Establishing Digital Trust: Don't Sacrifice Security for Convenience
According to Sophos' Graham Cluley, Twitter users are being targeted by spammed direct messages that contain malicious links.
"Although the messages vary, the common thread between all of them is that they contain a 'facebook.com/________' link and mention that a video of you has been posted on Facebook," writes WebProNews' Josh Wolford. "'Your in this facebook.com/________ video, LOL' reads one spam message, while another says 'you even see him taping u, that’s awful.'"
"Users who click on the link are greeted with what appears to be a video player and a warning message that 'An update to Youtube player is needed,'" Cluley writes. "The webpage continues to claim that it will install an update to Flash Player 10.1 onto your computer. In this example, the program you are being invited to download is called FlashPlayerV10.1.57.108.exe, and is detected by Sophos anti-virus products as Troj/Mdrop-EML, a backdoor Trojan that can also copy itself to accessible drives and network shares."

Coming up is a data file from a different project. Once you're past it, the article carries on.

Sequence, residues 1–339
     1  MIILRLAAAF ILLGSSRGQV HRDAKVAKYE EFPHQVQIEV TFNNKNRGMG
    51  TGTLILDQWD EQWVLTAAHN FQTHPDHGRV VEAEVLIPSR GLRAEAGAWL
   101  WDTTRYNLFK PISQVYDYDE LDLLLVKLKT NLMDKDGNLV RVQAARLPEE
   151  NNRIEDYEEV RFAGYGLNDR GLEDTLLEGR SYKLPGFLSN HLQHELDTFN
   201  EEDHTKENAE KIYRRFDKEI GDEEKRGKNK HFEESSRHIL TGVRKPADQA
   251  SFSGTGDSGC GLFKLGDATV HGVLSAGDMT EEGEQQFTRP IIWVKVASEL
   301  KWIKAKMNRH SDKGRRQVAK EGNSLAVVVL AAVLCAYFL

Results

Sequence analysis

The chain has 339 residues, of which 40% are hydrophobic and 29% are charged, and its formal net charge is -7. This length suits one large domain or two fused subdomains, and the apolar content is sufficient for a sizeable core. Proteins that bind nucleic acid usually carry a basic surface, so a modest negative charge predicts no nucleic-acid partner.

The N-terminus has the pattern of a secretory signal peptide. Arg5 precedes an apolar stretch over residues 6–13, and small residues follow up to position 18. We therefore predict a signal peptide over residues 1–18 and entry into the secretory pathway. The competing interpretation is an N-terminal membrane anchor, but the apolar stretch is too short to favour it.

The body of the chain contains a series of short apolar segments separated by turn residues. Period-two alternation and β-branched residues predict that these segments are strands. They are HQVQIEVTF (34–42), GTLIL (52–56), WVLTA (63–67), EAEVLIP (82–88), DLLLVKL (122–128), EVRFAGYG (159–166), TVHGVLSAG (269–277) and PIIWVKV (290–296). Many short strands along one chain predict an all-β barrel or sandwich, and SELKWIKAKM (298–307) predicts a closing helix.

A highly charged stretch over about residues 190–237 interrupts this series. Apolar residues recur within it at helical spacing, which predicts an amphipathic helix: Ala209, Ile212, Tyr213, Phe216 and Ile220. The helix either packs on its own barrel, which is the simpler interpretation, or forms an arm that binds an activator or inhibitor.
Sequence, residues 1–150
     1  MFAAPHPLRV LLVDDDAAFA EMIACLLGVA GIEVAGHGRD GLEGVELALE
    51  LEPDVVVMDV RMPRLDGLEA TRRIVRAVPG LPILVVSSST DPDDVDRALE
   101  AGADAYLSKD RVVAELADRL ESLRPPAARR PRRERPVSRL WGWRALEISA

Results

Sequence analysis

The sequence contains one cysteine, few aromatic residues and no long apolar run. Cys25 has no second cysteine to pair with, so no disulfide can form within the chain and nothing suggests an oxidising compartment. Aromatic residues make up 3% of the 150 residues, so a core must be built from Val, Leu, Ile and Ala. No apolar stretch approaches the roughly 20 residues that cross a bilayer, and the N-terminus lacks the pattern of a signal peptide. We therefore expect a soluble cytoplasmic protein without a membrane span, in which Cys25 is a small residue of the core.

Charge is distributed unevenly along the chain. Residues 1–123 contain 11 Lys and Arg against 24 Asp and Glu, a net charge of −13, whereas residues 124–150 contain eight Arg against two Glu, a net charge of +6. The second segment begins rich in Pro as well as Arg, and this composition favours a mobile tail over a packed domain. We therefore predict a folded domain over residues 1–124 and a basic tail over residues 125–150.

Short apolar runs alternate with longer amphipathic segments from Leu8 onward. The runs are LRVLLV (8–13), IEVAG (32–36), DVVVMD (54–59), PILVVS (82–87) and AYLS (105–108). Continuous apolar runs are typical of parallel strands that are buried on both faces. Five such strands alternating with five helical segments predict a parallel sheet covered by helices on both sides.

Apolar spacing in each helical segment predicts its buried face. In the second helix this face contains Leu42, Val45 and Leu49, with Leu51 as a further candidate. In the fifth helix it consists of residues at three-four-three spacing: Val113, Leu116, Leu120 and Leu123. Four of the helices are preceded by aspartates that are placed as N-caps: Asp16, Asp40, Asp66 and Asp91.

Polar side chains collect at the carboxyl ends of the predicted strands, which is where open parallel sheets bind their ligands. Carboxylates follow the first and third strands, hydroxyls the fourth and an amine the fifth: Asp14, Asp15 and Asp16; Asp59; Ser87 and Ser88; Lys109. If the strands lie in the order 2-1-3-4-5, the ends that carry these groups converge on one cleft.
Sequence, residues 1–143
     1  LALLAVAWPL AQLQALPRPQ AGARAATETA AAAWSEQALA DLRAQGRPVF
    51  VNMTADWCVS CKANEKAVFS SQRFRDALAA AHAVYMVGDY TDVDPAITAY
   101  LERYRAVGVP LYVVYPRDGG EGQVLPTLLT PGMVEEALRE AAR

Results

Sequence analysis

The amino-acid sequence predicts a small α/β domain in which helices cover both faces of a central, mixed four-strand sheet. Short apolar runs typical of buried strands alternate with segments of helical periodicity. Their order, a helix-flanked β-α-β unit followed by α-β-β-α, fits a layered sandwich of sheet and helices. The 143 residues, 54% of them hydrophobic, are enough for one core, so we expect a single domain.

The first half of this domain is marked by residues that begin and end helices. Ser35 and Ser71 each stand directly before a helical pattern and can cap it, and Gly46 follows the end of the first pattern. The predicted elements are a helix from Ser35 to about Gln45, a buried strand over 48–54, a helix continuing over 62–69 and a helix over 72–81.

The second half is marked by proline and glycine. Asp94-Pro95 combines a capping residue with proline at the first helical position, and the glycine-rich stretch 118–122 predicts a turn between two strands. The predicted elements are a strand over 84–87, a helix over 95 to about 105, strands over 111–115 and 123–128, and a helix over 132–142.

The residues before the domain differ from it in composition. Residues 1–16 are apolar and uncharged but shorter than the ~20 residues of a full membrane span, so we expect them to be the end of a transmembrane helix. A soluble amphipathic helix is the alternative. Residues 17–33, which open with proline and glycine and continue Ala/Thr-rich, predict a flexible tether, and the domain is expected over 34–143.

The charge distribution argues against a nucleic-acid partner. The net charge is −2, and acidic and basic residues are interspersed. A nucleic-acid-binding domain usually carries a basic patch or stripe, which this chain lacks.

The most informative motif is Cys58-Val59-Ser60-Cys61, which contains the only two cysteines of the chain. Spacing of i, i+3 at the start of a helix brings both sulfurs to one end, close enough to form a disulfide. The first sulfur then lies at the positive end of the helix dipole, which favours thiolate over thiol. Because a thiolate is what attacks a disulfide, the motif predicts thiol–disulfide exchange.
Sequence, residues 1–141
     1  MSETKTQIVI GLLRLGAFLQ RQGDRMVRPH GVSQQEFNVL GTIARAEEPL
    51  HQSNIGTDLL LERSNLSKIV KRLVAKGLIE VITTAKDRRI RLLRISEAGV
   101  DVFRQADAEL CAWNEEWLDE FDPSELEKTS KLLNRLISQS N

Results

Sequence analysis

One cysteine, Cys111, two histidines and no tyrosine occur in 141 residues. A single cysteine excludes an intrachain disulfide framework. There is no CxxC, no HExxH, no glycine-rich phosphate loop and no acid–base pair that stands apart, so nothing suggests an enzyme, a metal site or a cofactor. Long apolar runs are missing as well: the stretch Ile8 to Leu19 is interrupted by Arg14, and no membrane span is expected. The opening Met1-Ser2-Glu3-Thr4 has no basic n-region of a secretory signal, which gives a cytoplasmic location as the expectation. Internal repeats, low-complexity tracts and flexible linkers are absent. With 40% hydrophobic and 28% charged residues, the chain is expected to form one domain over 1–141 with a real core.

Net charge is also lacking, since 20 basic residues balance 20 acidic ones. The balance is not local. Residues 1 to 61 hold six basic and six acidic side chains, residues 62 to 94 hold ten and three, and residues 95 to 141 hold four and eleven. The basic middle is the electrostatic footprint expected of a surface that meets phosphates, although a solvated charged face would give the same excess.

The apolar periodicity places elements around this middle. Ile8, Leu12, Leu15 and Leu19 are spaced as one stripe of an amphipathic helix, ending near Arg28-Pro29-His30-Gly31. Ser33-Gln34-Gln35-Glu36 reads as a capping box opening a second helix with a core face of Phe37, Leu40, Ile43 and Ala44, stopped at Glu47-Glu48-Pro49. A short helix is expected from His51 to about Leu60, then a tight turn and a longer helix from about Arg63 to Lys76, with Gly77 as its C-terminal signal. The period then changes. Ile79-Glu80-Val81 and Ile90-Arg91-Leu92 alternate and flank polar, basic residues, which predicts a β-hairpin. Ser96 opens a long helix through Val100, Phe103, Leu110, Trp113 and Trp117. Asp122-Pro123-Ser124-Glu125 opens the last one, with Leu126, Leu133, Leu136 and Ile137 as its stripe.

"Naked Security said it is not yet clear how users' Twitter accounts are being compromised to send the DMs, as Twitter DMs can only be sent between users of that social network who follow each other, which makes these spam messages more dangerous, as they appear to come from trusted users," notes AllFacebook's David Cohen.https://o1.qnsr.com/log/p.gif?;n=203;c=204650394;s=9477;x=7936;f=201801171506010;u=j;z=TIMESTAMP;a=20392931;e=i
"Though the source of the hack has not been discovered, Cluley said that the attack underlines the importance of not clicking links willy nilly just because it was allegedly sent by a trusted friend," writes PCMag.com's Stephanie Mlot. "Those whose Twitter accounts have been compromised should change their passwords and revoke permissions of any suspicious apps with access to your account."